Dyadic developmental psychotherapy (DDP)

Dyadic developmental psychotherapy (DDP)

DDP was first developed in America by Dan Hughes. It is an attachment-focused therapy aimed at helping children and young people who have experienced problems in their early lives including developmental trauma, abuse, neglect and inconsistent parenting.

The guiding principles are playfulness, acceptance, curiosity and empathy (PACE).

It consists of two main components:

1. Work with the parents/carers:

The therapist helps the carers to build on their natural parenting style in a way that takes into account the attachment needs of the child. During the course of the work the parent/carer will have an opportunity to learn different ways of understanding the problems presented by the child, new strategies that they may use with the child and an increased awareness of their own attachment histories and how these may impact on the child.

2. Work with the parent/carer and the child:

The goal of the work is for the child, through the therapist, to communicate their experiences, to feel safe, connected and understood. When a child feels understood at a deep level they are far more able to change behaviours that have brought them to attention to seek help.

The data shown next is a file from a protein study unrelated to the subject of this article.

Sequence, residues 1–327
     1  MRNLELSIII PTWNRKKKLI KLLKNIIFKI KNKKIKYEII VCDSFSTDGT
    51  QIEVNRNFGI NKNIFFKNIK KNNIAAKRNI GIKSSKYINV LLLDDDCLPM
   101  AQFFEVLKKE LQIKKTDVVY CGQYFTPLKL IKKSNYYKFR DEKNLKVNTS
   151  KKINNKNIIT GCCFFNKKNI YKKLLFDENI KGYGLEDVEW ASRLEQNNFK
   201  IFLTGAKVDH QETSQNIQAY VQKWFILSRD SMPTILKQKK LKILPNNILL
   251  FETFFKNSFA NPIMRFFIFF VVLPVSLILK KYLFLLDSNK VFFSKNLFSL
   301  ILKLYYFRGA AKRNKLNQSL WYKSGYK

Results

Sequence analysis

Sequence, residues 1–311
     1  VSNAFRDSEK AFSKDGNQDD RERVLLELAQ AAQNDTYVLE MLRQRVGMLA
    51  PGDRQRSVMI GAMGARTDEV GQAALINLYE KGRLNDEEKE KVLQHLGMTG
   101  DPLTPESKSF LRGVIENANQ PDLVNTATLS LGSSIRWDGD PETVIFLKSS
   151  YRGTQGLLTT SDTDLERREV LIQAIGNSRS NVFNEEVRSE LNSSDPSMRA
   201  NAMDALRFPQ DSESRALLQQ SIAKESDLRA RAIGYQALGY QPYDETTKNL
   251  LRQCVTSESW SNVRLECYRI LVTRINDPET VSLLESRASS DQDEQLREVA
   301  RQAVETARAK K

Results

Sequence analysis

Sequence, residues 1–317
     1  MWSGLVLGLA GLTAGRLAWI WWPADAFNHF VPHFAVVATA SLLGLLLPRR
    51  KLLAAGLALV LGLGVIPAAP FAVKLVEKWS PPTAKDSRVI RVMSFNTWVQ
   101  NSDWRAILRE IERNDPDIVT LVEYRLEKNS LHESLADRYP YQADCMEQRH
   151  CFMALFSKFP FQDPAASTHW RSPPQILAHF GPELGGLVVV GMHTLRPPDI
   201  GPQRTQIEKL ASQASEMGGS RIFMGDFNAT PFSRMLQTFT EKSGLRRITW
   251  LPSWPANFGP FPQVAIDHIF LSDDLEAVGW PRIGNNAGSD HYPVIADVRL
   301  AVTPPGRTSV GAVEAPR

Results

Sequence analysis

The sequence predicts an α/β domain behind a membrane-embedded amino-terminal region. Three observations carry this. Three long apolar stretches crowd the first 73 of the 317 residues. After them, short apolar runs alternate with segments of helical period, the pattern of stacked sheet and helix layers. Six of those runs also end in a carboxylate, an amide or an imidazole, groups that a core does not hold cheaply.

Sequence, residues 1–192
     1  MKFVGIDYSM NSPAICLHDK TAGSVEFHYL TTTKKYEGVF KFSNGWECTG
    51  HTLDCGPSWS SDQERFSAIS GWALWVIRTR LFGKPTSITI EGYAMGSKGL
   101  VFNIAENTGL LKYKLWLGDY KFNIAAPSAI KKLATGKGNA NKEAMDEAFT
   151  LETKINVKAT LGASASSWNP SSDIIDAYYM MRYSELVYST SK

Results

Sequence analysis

Goals for work with the parent/carer:

  • To maintain a positive family atmosphere with opportunities for the child to experience attunement (feeling connected and understood).

  • To provide emotional support when the child is stressed, building their ability to regulate their emotions.

  • To help the child develop emotional communication, building their ability to reflect upon themselves and others.

  • To provide discipline with empathy.

  • To provide quick responses to behaviour followed by relationship repair.

How will the work with the carer and child happen?

The therapist is a communication bridge between the child and the carer/parent. By paying attention to the verbal and non-verbal communication, they help the child to feel understood and accepted and help the adult feel acknowledged and also understood - carers so often feel anxious at being blamed as ‘bad parents’. They are encouraged not to reason or problem-solve with the child at this stage but to listen and validate.

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